Apart from that there is Queensland Civil and Administrative Tribunal (QCAT) which has the jurisdiction to hear matter relating to Debts up to $25,000, Retail shop lease disputes, Residential tenancy matters, Minor civil disputes, Anti-discrimination behavior, Consumer and trade disputes and Building disputes. (QCAT, 2017)
Likewise, The Criminal Jurisdiction of the Queensland Courts also comprises of a hierarchy of courts. The lowest court is the MAGISTRATES COURT wherein the Magistrate hears the evidence and decides the cases. There is no presence of jury and less serious offences, such as, lie, assault, burglary, drug and traffic offences are decided summarily. After that there is DISTRICT COURT where the cases like rape, serious assault, fraud, armed robbery and decided by District Court provided a trial has already taken place in Magistrate Court. It has jury of twelve people. The court has power to declare an accused guilty and decide his sentence as per the law. Then come the SUPREME COURT where the cases such as manslaughter, murder and drug offenses are tried by Supreme Court. It has jury of twelve people. It has a single Judge which decides upon the sentence as per the law of the land. Lastly, there is COURT OF APPEAL which comprises of 3 Judges of Appeal but has no Jury. (Society, 2017)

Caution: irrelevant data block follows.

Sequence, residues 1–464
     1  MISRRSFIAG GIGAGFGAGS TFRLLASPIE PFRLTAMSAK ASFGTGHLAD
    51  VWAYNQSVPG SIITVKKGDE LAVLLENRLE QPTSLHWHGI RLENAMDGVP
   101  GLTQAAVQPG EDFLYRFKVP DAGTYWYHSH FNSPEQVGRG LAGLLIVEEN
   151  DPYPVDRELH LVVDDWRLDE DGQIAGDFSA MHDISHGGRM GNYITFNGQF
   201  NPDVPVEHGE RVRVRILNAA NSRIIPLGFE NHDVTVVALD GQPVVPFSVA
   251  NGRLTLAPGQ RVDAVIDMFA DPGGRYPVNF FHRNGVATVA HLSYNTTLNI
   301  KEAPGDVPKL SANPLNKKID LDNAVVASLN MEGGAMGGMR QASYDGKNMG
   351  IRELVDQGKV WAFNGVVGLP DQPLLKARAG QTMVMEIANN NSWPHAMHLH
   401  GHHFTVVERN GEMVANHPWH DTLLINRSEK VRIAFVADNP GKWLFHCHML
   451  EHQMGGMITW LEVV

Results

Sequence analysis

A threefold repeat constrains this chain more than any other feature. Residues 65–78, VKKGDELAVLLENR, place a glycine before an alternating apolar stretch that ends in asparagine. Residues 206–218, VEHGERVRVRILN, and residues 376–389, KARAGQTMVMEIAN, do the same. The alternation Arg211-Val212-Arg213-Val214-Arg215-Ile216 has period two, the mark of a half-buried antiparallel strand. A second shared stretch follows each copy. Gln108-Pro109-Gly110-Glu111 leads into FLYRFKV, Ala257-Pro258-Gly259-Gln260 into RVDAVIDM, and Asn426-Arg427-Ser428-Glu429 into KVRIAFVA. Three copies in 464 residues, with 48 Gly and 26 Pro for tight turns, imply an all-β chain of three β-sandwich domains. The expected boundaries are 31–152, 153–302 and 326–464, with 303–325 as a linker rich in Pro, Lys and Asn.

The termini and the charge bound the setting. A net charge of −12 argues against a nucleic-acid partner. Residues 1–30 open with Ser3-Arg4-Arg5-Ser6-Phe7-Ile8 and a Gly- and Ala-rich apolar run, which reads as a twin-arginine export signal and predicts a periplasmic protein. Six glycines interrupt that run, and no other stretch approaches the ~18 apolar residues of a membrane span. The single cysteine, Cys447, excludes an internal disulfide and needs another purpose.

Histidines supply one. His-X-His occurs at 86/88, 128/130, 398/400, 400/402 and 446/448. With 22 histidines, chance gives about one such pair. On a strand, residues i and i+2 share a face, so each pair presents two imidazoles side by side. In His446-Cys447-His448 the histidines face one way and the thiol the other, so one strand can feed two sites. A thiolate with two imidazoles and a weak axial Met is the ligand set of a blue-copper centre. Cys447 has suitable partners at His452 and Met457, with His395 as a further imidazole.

Now, after understanding the hierarchy, the main similarities that are found in the conduct of both the criminal and civil proceedings in the Australian court system are:
Normally no Jury is required in criminal cases unless and until the crimes that are committed are indictable offences tried by district or Supreme courts. Likewise, in civil cases as well, an adversarial method is used and there is no requirement of juries.(Bailey, 2017)